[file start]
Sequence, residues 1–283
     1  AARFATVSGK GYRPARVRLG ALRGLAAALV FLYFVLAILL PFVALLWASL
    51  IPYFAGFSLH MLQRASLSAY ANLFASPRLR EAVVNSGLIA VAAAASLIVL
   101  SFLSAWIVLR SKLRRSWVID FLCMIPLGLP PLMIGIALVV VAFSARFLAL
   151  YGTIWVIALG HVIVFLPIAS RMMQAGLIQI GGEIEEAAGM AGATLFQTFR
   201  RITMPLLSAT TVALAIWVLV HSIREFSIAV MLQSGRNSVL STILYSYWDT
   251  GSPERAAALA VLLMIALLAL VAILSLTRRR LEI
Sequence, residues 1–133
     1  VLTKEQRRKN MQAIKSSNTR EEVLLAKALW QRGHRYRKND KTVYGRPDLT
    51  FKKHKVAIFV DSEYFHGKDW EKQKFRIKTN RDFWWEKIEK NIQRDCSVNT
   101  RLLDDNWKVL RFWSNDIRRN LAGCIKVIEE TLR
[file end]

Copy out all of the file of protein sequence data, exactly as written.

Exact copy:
Sequence, residues 1–283
     1  AARFATVSGK GYRPARVRLG ALRGLAAALV FLYFVLAILL PFVALLWASL
    51  IPYFAGFSLH MLQRASLSAY ANLFASPRLR EAVVNSGLIA VAAAASLIVL
   101  SFLSAWIVLR SKLRRSWVID FLCMIPLGLP PLMIGIALVV VAFSARFLAL
   151  YGTIWVIALG HVIVFLPIAS RMMQAGLIQI GGEIEEAAGM AGATLFQTFR
   201  RITMPLLSAT TVALAIWVLV HSIREFSIAV MLQSGRNSVL STILYSYWDT
   251  GSPERAAALA VLLMIALLAL VAILSLTRRR LEI
Sequence, residues 1–133
     1  VLTKEQRRKN MQAIKSSNTR EEVLLAKALW QRGHRYRKND KTVYGRPDLT
    51  FKKHKVAIFV DSEYFHGKDW EKQKFRIKTN RDFWWEKIEK NIQRDCSVNT
   101  RLLDDNWKVL RFWSNDIRRN LAGCIKVIEE TLR